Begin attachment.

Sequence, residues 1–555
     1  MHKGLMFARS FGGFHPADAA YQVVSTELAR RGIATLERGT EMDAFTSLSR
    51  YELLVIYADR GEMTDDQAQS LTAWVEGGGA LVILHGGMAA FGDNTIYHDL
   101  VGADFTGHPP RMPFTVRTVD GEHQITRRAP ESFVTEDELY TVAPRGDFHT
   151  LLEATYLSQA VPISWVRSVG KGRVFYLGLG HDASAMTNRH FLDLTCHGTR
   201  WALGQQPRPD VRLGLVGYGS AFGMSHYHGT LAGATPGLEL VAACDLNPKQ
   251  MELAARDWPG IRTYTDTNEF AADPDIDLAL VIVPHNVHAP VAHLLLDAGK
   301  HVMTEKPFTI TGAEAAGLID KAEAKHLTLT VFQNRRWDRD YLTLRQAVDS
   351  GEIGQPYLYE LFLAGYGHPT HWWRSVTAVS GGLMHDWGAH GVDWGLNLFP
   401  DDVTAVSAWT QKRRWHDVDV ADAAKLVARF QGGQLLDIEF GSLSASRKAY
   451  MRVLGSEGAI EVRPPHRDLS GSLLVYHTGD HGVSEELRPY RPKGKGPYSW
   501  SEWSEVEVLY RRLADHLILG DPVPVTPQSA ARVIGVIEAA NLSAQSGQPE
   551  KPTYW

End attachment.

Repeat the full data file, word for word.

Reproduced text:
Sequence, residues 1–555
     1  MHKGLMFARS FGGFHPADAA YQVVSTELAR RGIATLERGT EMDAFTSLSR
    51  YELLVIYADR GEMTDDQAQS LTAWVEGGGA LVILHGGMAA FGDNTIYHDL
   101  VGADFTGHPP RMPFTVRTVD GEHQITRRAP ESFVTEDELY TVAPRGDFHT
   151  LLEATYLSQA VPISWVRSVG KGRVFYLGLG HDASAMTNRH FLDLTCHGTR
   201  WALGQQPRPD VRLGLVGYGS AFGMSHYHGT LAGATPGLEL VAACDLNPKQ
   251  MELAARDWPG IRTYTDTNEF AADPDIDLAL VIVPHNVHAP VAHLLLDAGK
   301  HVMTEKPFTI TGAEAAGLID KAEAKHLTLT VFQNRRWDRD YLTLRQAVDS
   351  GEIGQPYLYE LFLAGYGHPT HWWRSVTAVS GGLMHDWGAH GVDWGLNLFP
   401  DDVTAVSAWT QKRRWHDVDV ADAAKLVARF QGGQLLDIEF GSLSASRKAY
   451  MRVLGSEGAI EVRPPHRDLS GSLLVYHTGD HGVSEELRPY RPKGKGPYSW
   501  SEWSEVEVLY RRLADHLILG DPVPVTPQSA ARVIGVIEAA NLSAQSGQPE
   551  KPTYW